3. Having anointed him with oil. Although the rite here prescribed, is not mentioned in the account which the evangelists have given of Christ's commission to his disciples to heal the sick, Matt. x. 8. Luke ix. 2. it is probable he appointed it then. For in the account given of the execution of that commission, it is said, Mark vi. 13. They anointed with oil many that were sick, and healed them.-The anointing the sick with oil, was not prescribed, either by our Lord or by his apostle, as a natural remedy, but as a sensible token to the sick person himself and to those who were present, that a miracle of healing was going to be performed. Where no miracle is to be performed, to use anointing, as a religious rite, is a vain superstition. See 1 John v. 16. note 4.

Ver. 15.—1. And the prayer of faith. In scripture, faith sometimes signifies the spiritual gifts in general, Rom. xii. 3. sometimes the gift of working miracles, 1 Cor. xii. 9. xiii. 2. and sometimes the gift of healing diseases miraculously, Acts iii. 16. in which sense it is to be understood here. The gift of working miracles was called faith, because they were always performed in consequence of an impression made by the Spirit, on the mind of the person who was to perform them, moving him to undertake the miracle, and working in him a fuil persuasion that it would be performed. Wherefore, the prayer of faith, is a prayer which the elder, moved by the Spirit of God, was to make for the recovery of the sick in the full persuasion that the Lord would raise him up. See 1 John v. 16. note 1.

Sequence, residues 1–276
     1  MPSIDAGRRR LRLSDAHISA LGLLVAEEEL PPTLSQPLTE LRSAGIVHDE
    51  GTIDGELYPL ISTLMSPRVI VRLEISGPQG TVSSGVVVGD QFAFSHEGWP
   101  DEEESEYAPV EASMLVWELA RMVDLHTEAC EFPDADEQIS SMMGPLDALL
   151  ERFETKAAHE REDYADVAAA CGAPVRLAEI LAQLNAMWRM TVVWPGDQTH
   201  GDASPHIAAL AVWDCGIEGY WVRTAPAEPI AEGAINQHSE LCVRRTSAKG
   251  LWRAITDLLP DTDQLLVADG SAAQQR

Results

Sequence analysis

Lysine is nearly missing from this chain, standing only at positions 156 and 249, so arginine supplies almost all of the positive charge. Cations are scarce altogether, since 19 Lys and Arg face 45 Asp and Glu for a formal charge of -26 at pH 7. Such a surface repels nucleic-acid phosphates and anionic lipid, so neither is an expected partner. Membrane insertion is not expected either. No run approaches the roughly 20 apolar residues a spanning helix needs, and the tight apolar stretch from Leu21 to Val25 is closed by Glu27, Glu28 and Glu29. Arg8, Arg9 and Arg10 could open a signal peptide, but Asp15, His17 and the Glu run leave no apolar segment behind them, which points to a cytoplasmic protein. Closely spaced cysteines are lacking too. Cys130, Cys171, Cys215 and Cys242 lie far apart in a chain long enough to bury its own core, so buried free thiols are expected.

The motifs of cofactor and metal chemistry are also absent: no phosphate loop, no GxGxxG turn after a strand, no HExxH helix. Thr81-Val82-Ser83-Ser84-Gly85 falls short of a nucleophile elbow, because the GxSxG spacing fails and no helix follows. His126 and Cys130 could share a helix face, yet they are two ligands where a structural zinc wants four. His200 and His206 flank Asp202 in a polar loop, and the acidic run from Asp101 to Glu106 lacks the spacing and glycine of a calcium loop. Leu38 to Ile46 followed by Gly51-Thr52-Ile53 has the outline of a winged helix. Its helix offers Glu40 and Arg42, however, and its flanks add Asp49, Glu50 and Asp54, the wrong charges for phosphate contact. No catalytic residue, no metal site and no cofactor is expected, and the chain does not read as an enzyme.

Ver. 16-1. Confess your faults one to another. In sickness we are to confess our faults one to another, not because we have power to grant pardon of sin to each other: But diseases being often inflicted as the punishment

15 And the prayer of faith will save (rov naμvora) the sick person, and so the Lord will raise him up. (Kav, etsi) And although he hath committed sins, they shall be forgiven him.

16 Confess YOUR faults 1 one to another, and pray for one another, that ye may be healed. (See 1 John v. 16. note 3.) The inwrought prayer (dixas, 69.) of the righteous man availeth much. 3